Public car equipped for assistance and transportation for handicapped person

Issues with the Smartcard, too few wheelchair accessible taxis (WATs) and long wait times are making ‘catching a cab’ a major problem for people with disability in NSW.

An online survey carried out by the Physical Disability Council of NSW found that the point-to-point taxi transport network is not meeting the needs of people with disability and industry practices are discouraging people with disability to bother using taxis at all.

“While there are obvious benefits and positives to taxi services, our survey indicates that the way the TTSS Smartcard has been rolled out, and ongoing issues with customer service and bookings, outweigh the positives for most users,” according to PDCN CEO, Serena Ovens.

“Although we raised these issues numerous times in the Accessible Transport Advisory Committee forum, and to the Point-to-Point Commissioner with the Perrottet Government over the past year we found there was very little willingness to engage in dialogue or constructive change,” Ovens told F2L.

However, Ovens is hopeful that the new Minns State Government will take the report seriously “and engage with us to work on progressing the recommendations outlined in the report”.

“At this stage there are a number of regulatory issues in the report that will take some time to address, however, pre-election Chris Minns made a verbal commitment to one of our staff directly affected by some of the taxi issues, particularly those that related to the interstate voucher use, so we hope the premier steps up to enacting on his commitment.”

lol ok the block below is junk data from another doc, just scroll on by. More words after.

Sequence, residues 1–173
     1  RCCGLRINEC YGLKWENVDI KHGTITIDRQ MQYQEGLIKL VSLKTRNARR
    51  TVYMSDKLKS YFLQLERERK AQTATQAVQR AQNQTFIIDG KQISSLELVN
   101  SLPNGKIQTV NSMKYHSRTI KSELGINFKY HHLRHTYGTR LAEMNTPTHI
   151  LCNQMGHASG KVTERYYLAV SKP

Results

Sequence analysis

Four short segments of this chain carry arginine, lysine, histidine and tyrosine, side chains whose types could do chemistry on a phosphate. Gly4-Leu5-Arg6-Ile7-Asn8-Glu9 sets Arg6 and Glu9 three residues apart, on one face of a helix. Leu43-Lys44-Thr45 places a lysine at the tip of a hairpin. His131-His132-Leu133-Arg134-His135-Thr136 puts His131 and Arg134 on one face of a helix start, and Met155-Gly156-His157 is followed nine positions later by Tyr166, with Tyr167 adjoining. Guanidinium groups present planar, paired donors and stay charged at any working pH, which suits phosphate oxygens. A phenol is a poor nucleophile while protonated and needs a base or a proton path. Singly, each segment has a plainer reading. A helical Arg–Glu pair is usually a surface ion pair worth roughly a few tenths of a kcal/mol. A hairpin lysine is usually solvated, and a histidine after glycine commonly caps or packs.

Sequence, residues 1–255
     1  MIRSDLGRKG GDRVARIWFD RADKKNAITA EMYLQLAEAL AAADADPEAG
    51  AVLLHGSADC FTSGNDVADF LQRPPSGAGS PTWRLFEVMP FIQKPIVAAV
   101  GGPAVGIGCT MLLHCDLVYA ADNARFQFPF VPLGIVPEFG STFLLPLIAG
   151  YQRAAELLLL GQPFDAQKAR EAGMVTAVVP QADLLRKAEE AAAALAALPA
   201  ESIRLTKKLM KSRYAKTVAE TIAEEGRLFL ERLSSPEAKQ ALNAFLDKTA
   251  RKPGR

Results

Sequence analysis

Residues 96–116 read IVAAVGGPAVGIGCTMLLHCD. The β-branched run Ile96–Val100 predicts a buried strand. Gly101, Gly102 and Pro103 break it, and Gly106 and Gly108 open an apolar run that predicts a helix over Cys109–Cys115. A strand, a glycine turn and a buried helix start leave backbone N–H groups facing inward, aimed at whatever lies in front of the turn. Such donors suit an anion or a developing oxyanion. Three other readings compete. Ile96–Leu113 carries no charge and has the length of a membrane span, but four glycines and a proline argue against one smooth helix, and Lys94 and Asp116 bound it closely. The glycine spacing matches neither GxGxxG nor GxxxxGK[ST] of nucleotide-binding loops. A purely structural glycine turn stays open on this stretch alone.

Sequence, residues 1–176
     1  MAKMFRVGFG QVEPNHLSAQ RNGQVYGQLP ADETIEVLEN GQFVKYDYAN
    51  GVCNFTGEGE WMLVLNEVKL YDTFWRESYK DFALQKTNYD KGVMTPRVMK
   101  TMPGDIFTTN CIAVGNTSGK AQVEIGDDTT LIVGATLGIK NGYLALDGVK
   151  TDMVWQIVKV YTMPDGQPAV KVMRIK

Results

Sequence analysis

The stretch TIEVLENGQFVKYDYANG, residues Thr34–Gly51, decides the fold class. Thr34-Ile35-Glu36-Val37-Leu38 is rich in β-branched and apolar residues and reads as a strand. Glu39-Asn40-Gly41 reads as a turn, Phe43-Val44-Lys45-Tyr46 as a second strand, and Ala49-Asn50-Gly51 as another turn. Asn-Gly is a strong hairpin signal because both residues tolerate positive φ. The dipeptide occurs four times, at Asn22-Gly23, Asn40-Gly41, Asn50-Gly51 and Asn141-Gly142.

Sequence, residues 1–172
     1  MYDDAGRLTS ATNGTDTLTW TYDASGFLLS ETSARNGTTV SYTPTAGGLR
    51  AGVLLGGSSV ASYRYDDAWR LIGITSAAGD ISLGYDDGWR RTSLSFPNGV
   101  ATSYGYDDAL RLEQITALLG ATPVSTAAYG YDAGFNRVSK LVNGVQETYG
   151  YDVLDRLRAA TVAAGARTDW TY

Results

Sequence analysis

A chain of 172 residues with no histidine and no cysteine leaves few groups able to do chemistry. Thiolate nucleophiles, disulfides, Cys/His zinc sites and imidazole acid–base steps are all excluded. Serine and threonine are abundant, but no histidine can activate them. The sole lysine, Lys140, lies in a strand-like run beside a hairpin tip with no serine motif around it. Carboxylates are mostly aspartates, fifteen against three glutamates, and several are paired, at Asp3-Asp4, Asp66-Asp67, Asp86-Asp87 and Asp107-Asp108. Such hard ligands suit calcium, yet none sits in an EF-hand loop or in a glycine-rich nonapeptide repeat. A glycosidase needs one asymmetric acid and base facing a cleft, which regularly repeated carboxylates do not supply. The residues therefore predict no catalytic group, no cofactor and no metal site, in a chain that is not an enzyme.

According to Ovens, the NSW Taxi Council has convened a working group to look at matters addressed in the report. She said the council has been “willing and responsive to work to affect change, however the main taxi group 13CABS is yet to come to the table”. Many of the problems in the booking and TTSS Card use stem from issues with their proprietary systems, “so we would wish them to be a part of the discussions and be open to accessible improvements,” she said.

Supply of WATs is particularly important in rural and regional areas of NSW, where there is a reliance on these services since minimal alternative public transport is available. Some regional areas are reported to have only two WATs in operation or have lost all WATs in their region and the NSW Government needs to review the adequacy of current incentives to rebuild the WATs fleet, Ovens said.

Other recommendations to emerge from the report were thata single streamlined central booking system across the state be created and enforced, and the interstate booking system be nationalised.